Who Is ‘We,’ Kemosabe?
5 Slaves, obey your earthly masters with deep respect and fear. Serve them sincerely as you would serve Christ. 6 Try to please them all the time, not just when they are watching you. As slaves of Christ, do the will of God with all your heart. 7 Work with enthusiasm, as though you were working for the Lord rather than for people. 8 Remember that the Lord will reward each one of us for the good we do, whether we are slaves or free.
9 Masters, treat your slaves in the same way. Don’t threaten them; remember, you both have the same Master in heaven, and he has no favorites. (NLT)
The lines between servant and leader can often become fuzzy – especially when we lose sight of how we are to treat those under our authority.
I remember watching re-runs of the old “Lone Ranger” television show when I was little – even in the mid-70’s they were still re-runs.
There’s a joke about the Lone Ranger and Tonto: when they finally come to what appears to be the end of the line – a situation they can’t escape – surrounded by a horde of hostile Indian warriors. The Lone Ranger asks Tonto “what do we do, now?,” to which Tonto replies, “who do you mean ‘we,’ Kemosabe?”
How many times did the Lone Ranger have to get Tonto out of trouble – and how many times did Tonto have to return the favor? Tonto often referred to the Lone Ranger as ‘Kemosabe’ – which has been most often translated as ‘faithful friend.’ Who was actually serving who?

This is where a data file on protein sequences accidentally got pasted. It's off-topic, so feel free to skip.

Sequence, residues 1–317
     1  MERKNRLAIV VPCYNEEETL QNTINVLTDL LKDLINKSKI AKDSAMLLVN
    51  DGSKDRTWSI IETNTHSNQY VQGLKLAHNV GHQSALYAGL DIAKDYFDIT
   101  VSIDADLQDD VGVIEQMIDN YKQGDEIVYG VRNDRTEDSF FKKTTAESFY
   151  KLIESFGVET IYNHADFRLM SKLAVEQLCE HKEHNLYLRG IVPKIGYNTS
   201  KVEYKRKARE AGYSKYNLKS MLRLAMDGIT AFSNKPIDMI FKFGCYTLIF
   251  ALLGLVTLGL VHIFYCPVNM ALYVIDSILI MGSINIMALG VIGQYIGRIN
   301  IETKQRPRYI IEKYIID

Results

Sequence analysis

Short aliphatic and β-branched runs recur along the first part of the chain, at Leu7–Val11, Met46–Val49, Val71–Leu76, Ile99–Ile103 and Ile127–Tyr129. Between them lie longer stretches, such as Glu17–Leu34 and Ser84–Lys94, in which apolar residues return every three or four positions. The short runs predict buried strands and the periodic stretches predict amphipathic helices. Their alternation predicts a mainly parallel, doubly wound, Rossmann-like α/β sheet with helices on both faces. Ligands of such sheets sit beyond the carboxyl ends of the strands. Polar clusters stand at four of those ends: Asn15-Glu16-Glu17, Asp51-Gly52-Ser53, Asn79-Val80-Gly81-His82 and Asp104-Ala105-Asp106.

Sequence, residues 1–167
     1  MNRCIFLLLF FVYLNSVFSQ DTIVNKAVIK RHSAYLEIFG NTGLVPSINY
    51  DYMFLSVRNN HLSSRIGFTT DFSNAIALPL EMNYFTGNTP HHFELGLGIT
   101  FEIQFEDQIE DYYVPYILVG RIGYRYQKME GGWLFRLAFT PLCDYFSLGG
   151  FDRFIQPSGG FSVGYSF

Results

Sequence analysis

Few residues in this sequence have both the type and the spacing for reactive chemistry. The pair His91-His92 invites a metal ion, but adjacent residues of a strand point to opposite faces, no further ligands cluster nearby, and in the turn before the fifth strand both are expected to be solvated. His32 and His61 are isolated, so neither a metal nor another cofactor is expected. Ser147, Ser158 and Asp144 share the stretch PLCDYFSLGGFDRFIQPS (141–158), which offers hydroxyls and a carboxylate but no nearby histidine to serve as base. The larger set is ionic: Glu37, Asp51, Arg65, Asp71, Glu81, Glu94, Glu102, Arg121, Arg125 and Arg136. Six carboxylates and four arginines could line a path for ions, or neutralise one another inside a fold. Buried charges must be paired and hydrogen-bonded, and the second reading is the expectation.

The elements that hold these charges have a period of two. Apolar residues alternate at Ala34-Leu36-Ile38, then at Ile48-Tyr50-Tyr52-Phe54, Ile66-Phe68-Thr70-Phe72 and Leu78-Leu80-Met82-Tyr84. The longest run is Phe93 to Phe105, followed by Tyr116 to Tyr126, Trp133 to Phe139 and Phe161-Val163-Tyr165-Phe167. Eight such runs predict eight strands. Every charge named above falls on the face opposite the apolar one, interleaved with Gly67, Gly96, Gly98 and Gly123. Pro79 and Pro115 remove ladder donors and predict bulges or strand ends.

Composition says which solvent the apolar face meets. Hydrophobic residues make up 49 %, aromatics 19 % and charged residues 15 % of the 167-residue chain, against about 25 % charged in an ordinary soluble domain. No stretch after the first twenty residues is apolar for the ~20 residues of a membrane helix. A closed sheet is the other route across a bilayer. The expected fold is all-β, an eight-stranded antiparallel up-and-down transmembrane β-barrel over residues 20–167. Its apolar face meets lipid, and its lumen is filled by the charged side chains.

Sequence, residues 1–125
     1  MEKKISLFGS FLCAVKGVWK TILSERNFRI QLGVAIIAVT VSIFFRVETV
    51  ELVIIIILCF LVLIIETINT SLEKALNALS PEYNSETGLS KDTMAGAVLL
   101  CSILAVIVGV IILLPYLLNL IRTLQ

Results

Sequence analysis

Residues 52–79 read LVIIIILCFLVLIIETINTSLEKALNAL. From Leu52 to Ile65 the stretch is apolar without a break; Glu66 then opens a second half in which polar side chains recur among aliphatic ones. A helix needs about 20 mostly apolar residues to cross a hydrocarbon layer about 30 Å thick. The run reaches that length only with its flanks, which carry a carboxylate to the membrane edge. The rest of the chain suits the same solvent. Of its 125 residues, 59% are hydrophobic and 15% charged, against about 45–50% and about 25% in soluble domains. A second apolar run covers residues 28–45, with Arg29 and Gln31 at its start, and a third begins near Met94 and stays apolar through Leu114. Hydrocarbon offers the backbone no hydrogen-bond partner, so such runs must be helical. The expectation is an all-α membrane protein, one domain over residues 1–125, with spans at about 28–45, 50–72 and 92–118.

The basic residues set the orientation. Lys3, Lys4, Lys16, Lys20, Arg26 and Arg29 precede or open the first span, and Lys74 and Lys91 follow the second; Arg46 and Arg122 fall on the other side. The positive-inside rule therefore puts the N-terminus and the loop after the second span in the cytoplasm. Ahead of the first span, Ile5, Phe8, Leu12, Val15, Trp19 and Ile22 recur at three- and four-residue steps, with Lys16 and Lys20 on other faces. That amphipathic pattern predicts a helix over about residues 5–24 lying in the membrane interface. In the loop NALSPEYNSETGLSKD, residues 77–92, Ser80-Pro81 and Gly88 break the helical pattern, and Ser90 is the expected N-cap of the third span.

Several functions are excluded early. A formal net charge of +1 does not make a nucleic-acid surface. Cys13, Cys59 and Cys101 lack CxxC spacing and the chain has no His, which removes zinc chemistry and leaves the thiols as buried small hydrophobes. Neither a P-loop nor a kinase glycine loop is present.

How are we supposed to serve those under our authority? A raise? A new title? Lunch on Friday? A personal card? A pat on the back?
Often how we respond to those under our authority is based on how we’ve been treated by those in authority over us. Did you serve because you were supposed to – because that’s what you were paid to do? Do you only perform the minimum task – or do you go above and beyond what’s required?
Why do we need to serve those under our authority? Because that’s how Jesus treated us and served us.
In Ephesians 6, Paul suggests that we “serve wholeheartedly, as if you were serving the Lord, not men because you know that the Lord will reward everyone for whatever good he does.” We’re not supposed to work to please men, but God.
Likewise, we need to serve those under our authority – since ultimately they are not working for us – but for God.
Their well-being is tied to the overall success of the organization – and therefore, your well-being. It’s possible with those under our authority – that their broken spirit may be a reflection of us as leaders and our broken spirit.
Who is ‘we,’ Kemosabe? Who is serving who? When we intentionally blur the lines, the more we may be imitating Christ.